Between 2007 and 2012, Latinos were four to 10 times more likely to be cited in Alamance County traffic stops than non-Latinos. Both sheriff’s deputies and ICE officers in the Alamance County Jail reportedly used slurs like “wetback,” “beaner,” “taco” and “Mexicant.” In 2010, a supervising detention officer at the jail sent subordinates a video game in which players shoot at people crossing a river who are labeled “Mexican nationalists,” “drug smugglers,” and, in the case of women, “breeders.”
U.S. District Court Judge Thomas Schroeder ultimately dismissed the government’s case against Johnson, while cautioning that the decision shouldn’t be read “to approve or condone all the conduct presented as evidence at trial.” The judge characterized the ethnic slurs used at the jail as “reprehensible.” He also said that other evidence suggested the sheriff’s office lacked a system for monitoring selection of checkpoint locations and an effective review process for traffic-stop outcomes.
Although most of the conduct fell outside the scope of the county’s 287(g) program, Obama’s Department of Homeland Security (DHS) terminated its agreement with the county on the grounds that “discrimination undermines law enforcement and erodes the public trust.”
Trump’s DHS appears to have no such compunctions.
Apprehension over the potential return of 287(g) to Alamance County prompted several organizations, including Down Home North Carolina, Latinos Unidos Promoviendo la Esperanza (LUPE), Down Home NC, the ACLU of North Carolina and the local NAACP chapter, to call a community meeting on March 7. A multiracial group of about 70 people crowded in. Latino residents, including Yazmin Garcia, came forward to recount living under 287(g).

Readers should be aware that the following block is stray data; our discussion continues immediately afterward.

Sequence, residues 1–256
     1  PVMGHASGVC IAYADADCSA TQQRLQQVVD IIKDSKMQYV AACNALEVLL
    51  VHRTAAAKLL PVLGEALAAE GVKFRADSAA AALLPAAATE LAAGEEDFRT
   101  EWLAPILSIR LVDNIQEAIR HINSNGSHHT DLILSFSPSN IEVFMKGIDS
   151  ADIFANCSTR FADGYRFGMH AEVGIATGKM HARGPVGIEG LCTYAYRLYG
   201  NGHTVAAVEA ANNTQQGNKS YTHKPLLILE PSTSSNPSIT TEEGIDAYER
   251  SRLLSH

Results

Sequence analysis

Gloria Simmons recalled the day in November 2008 that tore her family apart. She was at work when immigration agents showed up at her house and deported her husband and 18-year-old son.
Simmons said ICE agents at the Alamance County Jail ordered her to report monthly to U.S. Customs and Immigration Services in Charlotte. An immigration judge ultimately granted Simmons and her husband a U visa, explained Simmons, which allows victims of crime who have suffered mental or physical abuse to stay in the United States if they assist the government in investigating and prosecuting criminal activity. Simmons said by then she had lost her job at a hotel. Her husband was able to return to the United States after about three years.
“We’ve got legal status and we’re permanent residents, but my marriage was destroyed,” Simmons said. “I couldn’t find a job in my field. So I was living off my savings because I couldn’t find work. I drained 100 percent of it. I had put my house on the market. The day before closing was the day I got approved for the U visa. This was after months and months of crying.”
Martha Hernandez, a local immigrant-rights advocate, had harsh words for Trump.
“With presidential administrations that promote hate, we are the people who have to confront the painful consequences.
“We watch the children crying because their mother or father never returned home after work … because they didn’t have a license to drive. This, for some, is a crime.”